Stein, Robert H. Mark. Grand Rapids: Baker Academic, 2008.

Stein, Robert H. The Method and Message of Jesus’ Teachings. Louisville: Westminster John Knox Press, 1994.

Stott, John R. W. The Message of the Sermon on the Mount. Downers Grove: InterVarsity Press, 1978.

Talbert, Charles H. Reading the Sermon on the Mount. Grand Rapids: Baker Academic, 2004.

Williams, J. Rodman. Renewal Theology: Systematic Theology from a Charismatic Perspective. Grand Rapids: Zondervan, 1996.

Witherington, Ben, III. The Christology of Jesus. Minneapolis: Fortress Press, 1990.

Witherington, Ben, III. The Gospel of Mark: A Socio-Rhetorical Commentary. Grand Rapids: William B. Eerdmans Publishing Company, 2001.

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Wright, N. T. The Resurrection of the Son of God. Minneapolis: Fortress Press, 2003.

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Young, Brad H. Jesus the Jewish Theologian. Grand Rapids: Baker Academic, 1995.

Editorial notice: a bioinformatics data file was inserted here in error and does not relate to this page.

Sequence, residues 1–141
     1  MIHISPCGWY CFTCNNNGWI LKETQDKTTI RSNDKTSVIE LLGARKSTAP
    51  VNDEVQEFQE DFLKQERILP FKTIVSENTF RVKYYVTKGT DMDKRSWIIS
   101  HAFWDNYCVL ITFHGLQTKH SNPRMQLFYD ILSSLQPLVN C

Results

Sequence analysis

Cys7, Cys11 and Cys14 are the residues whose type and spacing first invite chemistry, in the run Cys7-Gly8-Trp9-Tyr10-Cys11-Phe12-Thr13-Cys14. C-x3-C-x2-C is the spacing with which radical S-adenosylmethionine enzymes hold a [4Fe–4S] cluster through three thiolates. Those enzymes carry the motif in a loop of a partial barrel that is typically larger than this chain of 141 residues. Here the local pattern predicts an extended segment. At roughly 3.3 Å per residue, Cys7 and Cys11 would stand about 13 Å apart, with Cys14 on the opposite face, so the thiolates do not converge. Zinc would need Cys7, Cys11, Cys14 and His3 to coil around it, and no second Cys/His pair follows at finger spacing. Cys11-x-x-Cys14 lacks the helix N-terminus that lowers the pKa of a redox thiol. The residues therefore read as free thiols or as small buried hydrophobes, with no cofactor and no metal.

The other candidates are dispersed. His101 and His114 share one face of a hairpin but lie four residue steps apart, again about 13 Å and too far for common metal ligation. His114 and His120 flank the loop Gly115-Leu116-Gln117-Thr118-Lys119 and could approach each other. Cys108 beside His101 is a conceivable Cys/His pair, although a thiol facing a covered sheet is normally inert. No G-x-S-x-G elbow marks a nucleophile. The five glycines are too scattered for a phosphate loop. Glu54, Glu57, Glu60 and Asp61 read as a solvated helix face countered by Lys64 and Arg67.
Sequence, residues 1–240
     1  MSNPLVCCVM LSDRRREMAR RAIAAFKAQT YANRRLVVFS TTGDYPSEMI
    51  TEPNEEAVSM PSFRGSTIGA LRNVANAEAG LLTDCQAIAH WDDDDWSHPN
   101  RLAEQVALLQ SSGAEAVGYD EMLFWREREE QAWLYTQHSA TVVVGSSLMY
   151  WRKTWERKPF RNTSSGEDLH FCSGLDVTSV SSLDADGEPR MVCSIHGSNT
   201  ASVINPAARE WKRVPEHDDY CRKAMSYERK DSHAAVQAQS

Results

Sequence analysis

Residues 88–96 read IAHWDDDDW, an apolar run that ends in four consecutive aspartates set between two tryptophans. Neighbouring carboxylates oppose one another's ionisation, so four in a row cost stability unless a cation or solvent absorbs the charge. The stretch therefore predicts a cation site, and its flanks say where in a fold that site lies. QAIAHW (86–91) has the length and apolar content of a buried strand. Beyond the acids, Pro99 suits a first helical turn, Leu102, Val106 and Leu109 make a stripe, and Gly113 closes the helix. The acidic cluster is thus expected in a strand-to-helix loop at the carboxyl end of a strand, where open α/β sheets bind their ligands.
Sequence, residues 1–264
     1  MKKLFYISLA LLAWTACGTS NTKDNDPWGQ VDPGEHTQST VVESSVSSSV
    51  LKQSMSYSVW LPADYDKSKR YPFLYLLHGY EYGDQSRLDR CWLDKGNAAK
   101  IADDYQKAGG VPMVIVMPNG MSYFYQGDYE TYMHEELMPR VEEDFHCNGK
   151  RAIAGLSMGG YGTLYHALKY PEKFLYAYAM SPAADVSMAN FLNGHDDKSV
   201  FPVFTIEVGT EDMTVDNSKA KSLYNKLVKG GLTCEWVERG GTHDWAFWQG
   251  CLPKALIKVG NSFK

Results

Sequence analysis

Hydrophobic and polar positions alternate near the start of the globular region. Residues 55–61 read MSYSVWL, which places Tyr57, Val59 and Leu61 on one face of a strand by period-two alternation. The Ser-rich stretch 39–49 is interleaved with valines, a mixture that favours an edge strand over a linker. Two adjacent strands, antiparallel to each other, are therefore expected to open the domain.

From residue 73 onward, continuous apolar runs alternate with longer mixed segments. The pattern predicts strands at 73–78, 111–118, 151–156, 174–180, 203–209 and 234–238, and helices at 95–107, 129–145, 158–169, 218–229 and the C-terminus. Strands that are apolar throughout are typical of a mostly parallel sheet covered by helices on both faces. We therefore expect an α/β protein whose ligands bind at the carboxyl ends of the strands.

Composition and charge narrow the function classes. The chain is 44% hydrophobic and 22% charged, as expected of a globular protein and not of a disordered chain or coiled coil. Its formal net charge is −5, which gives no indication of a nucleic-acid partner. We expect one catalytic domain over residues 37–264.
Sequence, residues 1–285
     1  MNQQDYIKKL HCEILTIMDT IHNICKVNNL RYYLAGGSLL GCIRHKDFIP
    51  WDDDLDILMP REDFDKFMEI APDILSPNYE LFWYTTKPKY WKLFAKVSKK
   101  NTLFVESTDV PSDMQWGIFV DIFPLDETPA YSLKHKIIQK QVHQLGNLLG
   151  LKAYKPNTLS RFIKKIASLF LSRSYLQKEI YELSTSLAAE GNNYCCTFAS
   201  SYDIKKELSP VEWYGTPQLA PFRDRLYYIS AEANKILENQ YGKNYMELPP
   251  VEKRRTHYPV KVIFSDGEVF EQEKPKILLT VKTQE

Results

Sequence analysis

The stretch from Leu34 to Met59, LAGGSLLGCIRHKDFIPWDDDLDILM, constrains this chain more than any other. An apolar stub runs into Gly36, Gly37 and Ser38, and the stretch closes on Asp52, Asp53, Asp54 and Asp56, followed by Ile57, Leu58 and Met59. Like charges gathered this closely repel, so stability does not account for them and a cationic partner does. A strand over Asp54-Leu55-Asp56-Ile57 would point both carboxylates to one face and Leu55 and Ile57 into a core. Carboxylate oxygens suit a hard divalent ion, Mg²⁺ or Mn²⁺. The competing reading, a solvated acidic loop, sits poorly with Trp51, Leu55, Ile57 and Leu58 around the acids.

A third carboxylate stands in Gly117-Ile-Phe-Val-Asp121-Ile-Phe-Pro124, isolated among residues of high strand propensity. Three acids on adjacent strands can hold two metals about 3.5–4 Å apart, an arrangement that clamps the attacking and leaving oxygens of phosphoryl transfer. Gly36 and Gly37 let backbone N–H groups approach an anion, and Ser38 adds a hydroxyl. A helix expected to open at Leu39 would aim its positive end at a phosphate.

1 John 8:12.

2 John 8:18.

3 John 8:24.

4 John 8:25–26.

5 Psalm 31:5 NKJV.

6 Isaiah 65:16.

7 John 14:6.

8 John 16:13.

9 John 8:27.

10 John 1:2.

11 John 8:19.

12 John 8:28–30.

13 John 12:32.

14 John 3:14–15.

15 Deuteronomy 32:39.

16 Isaiah 41:4. See also Isaiah 43:12–13, 25; 46:4; 48:12.

17 John 8:31–32.

18 John 8:33.

19 Deuteronomy 5:15. Also Deuteronomy 15:15; 16:12; 24:18, 22.

20 Rudolf Schnackenburg, The Gospel According to St. John, Vol. 2 (New York: Crossroads, 1982), 207.

21 John 8:34–36.

22 Romans 6:16–18.

23 John 8:31–32.

24 John 8:37–38.

25 John 8:39–40.

26 Luke 3:8.

27 Romans 9:6–8.

28 John 8:41–42.

29 Now the birth of Jesus Christ took place in this way. When his mother Mary had been betrothed to Joseph, before they came together she was found to be with child from the Holy Spirit (Matthew 1:18). See also Jesus—His Life and Message: Jesus’ Birth (Part 1).

30 John 8:16.

31 John 8:18.

32 John 8:29.